We the People, Birth of a Nation

October 30, 2014

BookCoverPreview.WTP.2.2nd Ed

Just released a second addition (revised and expanded) of a an early American history book I published in 2005.  If you are an American history buff or just want to know the true history behind America’s start and the Founding Fathers, you will want a copy of We the People, Birth of a Nation, Second Edition for your very own library.  I guarantee you will not find another American history book like it anywhere.  It is now available on Amazon, but will soon be available at other online sites or through your local bookstore.  At 640 pages it is chock full of original documents and the words of the Founders.  It’s an easy read that you will enjoy and cherish as a family heirloom.

Are you tired of American history that has been revised and sanitized to be politically correct or reinterpreted to conform to present-day political or philosophical thinking? We the People: Birth of a Nation, from A Summary View of the Rights of British America, written by Thomas Jefferson, through the Declaration of Independence, the U.S. Constitution to President Washington’s Farewell Address, covers the most important period of America’s history.

Learn about the miraculous and providential underpinnings that established America as the most unique nation of free people in the history of the world. Read the actual documents and about their historical significance, as well as the thinking of those Founding Fathers who put them in force for the posterity of all Americans.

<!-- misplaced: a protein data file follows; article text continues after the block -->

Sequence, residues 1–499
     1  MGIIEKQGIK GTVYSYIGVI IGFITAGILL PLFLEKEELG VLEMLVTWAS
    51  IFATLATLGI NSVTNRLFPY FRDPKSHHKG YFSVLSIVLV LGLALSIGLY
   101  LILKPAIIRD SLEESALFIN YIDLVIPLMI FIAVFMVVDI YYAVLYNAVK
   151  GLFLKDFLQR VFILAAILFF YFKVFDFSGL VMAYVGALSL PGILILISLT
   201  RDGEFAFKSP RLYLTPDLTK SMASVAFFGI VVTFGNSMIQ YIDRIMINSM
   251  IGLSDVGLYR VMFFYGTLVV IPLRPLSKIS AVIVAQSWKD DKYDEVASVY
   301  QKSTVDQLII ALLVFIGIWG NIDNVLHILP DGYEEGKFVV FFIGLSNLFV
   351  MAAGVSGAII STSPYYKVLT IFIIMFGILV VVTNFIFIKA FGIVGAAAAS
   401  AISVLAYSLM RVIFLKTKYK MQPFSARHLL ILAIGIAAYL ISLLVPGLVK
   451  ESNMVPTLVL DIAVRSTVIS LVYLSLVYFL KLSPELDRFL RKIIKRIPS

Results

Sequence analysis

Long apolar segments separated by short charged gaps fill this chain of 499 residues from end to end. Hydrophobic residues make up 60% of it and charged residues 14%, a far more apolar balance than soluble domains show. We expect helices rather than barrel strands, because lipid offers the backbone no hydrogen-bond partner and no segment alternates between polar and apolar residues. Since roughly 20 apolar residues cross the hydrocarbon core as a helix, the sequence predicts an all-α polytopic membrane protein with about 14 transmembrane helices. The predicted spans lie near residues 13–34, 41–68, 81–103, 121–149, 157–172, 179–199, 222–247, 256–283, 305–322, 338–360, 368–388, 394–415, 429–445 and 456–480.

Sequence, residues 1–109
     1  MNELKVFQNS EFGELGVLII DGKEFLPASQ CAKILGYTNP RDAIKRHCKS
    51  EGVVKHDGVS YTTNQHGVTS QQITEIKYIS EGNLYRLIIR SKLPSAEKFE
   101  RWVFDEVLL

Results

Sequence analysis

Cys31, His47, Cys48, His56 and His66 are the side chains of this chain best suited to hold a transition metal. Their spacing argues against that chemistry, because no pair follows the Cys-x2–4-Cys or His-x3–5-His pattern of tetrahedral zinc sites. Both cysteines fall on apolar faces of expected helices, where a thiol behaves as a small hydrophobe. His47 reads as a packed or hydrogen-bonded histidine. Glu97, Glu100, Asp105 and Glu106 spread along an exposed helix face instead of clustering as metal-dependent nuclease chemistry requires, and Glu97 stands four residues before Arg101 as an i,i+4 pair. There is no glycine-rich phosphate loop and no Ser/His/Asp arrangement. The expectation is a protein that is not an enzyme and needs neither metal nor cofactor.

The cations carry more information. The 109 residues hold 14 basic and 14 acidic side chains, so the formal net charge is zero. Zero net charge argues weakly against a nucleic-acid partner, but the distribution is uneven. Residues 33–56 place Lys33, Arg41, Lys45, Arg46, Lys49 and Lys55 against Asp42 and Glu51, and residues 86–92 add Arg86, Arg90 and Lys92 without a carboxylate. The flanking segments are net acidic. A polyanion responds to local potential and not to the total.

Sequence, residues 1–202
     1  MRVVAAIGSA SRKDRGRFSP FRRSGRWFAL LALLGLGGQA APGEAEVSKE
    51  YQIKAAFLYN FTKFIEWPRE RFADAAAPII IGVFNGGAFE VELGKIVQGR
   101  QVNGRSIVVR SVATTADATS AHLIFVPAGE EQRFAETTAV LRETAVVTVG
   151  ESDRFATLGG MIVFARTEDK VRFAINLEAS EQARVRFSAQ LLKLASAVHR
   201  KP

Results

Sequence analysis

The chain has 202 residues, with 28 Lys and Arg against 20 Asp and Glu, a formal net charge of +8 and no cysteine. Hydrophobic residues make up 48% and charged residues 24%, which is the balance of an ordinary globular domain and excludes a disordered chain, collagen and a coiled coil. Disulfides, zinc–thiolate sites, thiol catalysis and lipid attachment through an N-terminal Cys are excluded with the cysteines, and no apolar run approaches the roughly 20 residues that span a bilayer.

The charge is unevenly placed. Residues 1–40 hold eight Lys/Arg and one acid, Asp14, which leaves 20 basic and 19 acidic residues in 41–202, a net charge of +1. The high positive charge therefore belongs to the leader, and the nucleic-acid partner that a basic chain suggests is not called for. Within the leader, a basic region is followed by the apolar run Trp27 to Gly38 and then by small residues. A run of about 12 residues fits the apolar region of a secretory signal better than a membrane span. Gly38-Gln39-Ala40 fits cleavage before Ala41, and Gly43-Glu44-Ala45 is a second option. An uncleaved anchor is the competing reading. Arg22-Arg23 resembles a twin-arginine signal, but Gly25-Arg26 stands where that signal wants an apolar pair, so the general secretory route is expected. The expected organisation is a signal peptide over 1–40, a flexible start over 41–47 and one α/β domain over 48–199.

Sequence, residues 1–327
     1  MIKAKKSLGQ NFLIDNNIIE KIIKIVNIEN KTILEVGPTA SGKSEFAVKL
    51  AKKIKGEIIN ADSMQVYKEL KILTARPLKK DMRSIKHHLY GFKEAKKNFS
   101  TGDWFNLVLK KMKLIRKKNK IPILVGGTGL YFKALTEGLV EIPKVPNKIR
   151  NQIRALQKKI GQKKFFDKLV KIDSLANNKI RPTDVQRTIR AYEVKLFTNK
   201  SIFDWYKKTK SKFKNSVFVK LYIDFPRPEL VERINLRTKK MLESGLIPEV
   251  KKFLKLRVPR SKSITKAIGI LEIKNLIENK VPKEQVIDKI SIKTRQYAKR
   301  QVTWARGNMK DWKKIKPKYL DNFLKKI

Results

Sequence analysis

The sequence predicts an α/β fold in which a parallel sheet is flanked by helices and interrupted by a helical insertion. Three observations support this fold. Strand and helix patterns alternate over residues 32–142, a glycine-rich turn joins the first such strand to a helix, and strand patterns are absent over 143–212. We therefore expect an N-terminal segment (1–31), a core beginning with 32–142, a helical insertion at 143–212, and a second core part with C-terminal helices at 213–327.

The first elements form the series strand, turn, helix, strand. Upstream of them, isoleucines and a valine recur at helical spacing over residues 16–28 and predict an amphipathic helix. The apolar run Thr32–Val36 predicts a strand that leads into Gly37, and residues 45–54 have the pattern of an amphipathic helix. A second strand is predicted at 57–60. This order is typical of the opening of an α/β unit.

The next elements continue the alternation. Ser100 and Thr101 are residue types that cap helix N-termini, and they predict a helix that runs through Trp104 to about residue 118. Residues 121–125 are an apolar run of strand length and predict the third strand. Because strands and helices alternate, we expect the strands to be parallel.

Each historical document had its place and importance and is presented in its entirety for your review. Each is preceded by an informative historical narrative to help the reader understand the importance and place each document plays in America’s history and form of government.

Birth of a Nation provides the reader with unique historical insight like no other American history text. It is an historical heirloom for every American.  Read history as it was meant to be read.

http://www.amazon.com/We-People-Birth-Nation-Edition/dp/1503022196/ref=sr_1_6_twi_1?ie=UTF8&qid=1414672052&sr=8-6&keywords=james+f+gauss

The Prophetic Wisdom & Warnings of George Washington

October 22, 2014